Track censored content on Facebook, Twitter, Google and other social media

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There are many problems with the censoring of online content, not least that it can limit free speech. But there is also the question of transparency. By the very nature of censorship, unless you have been kept in the loop you would simply not know that anything had been censored.

This is something the Electronic Frontier Foundation wants to change, and today the digital rights organization launches Onlinecensorship.org to blow the lid off online censorship. The site, run by EFF and Visualizing Impact, aims to reveal the content that is censored on Facebook, Google+, Twitter, Instagram, Flickr, and YouTube -- not just the 'what' but the 'why'. If you find yourself the subject of censorship, the site also explains how to lodge an appeal.

Inspired by the removal of a Facebook post supporting OneWorld's Freedom for Palestine project, Onlinecensorship.org was born out of a desire to increase transparency and accountability. The aim is to identify the censorship trends that exist on social media sites as well as learning about the impact it has on different communities.

Jillian C York, EFF Director for International Freedom of Expression and co-founder of Onlinecensorship.org, says:

We want to know how social media companies enforce their terms of service. The data we collect will allow us to raise public awareness about the ways these companies are regulating speech. We hope that companies will respond to the data by improving their regulations and reporting mechanisms and processes -- we need to hold Internet companies accountable for the ways in which they exercise power over people's digital lives.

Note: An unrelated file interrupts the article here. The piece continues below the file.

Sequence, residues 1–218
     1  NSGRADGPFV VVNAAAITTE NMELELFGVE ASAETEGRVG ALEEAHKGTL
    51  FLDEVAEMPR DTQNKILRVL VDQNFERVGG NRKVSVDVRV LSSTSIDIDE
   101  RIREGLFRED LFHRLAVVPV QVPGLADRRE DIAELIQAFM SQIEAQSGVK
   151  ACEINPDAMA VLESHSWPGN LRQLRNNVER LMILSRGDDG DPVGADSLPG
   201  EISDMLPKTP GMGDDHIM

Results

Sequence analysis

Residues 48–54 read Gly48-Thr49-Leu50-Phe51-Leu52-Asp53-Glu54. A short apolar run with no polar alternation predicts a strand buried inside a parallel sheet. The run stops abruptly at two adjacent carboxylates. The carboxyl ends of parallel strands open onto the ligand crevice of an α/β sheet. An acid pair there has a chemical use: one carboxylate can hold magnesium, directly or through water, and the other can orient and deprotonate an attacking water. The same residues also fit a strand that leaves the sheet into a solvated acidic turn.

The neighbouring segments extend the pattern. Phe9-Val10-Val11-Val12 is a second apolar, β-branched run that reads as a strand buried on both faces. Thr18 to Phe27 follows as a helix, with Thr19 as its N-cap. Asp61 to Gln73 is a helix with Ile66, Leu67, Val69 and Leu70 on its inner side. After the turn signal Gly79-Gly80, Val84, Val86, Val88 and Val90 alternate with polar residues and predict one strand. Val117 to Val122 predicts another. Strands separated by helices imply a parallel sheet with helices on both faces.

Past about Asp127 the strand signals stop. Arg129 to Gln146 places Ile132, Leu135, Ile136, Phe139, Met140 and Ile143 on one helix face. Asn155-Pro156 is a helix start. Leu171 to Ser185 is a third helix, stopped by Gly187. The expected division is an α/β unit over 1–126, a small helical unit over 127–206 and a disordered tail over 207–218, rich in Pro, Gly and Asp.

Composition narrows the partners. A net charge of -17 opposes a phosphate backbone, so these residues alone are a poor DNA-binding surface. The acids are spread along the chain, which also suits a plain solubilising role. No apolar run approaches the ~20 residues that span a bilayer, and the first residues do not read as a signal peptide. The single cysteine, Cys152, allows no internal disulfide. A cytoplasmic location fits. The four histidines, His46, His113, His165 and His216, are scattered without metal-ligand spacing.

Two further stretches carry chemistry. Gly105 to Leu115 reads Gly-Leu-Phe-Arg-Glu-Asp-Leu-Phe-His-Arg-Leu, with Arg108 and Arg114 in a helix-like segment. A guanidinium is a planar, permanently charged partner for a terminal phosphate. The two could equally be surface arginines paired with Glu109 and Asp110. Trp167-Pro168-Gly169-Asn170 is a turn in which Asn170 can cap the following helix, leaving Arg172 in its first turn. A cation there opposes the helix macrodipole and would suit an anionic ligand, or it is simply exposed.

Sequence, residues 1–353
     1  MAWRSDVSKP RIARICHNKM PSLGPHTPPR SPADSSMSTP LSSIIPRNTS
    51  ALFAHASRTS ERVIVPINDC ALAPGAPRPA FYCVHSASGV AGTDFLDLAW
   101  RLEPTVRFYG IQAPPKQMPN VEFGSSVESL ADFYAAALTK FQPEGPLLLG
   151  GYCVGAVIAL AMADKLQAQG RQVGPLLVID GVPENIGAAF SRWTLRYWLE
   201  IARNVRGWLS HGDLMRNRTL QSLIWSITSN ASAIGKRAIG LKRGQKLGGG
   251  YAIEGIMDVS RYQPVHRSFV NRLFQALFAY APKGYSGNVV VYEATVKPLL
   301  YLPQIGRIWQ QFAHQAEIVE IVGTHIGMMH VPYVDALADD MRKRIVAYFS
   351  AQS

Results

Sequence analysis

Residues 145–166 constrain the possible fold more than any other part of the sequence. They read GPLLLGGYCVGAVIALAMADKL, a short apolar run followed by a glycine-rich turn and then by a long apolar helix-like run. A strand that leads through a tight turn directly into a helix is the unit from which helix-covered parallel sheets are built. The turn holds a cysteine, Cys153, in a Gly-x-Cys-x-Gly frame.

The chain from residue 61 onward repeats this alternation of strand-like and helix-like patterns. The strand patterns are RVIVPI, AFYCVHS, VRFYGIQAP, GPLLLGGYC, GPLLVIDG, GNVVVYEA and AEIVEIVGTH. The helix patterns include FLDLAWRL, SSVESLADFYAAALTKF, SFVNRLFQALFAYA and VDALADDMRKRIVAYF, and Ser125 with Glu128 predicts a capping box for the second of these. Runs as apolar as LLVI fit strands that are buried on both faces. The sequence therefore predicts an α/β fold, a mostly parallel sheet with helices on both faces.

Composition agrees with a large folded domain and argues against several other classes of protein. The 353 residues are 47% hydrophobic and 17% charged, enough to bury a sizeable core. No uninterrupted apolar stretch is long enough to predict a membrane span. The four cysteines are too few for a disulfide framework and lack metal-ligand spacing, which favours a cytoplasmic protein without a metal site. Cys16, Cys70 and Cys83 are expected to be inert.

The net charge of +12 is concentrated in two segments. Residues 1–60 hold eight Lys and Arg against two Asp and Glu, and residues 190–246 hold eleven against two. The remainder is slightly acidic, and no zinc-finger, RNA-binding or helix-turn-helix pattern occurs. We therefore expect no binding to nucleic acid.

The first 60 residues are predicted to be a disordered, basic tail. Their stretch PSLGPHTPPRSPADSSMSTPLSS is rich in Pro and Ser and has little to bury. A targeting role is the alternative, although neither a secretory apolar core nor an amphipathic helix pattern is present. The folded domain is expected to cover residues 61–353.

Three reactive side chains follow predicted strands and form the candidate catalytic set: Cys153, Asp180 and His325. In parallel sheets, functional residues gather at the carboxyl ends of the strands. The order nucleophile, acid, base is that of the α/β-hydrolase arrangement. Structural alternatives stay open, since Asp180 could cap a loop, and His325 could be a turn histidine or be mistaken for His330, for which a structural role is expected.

Co-founder Ramzi Jaber explains that the likes of Facebook need to understand that when content is censored, more often than not it is vulnerable people who are worst affected. He says: "Both a company’s terms of service and their enforcement mechanisms should take into account power imbalances that place already-marginalized communities at greater risk online".

Head over to OnlineCensorship.org where you will find everything you need to know about making an appeal, news about censorship, and a means of reporting censorship you have suffered.

Photo credit: BladeTucker / Shutterstock

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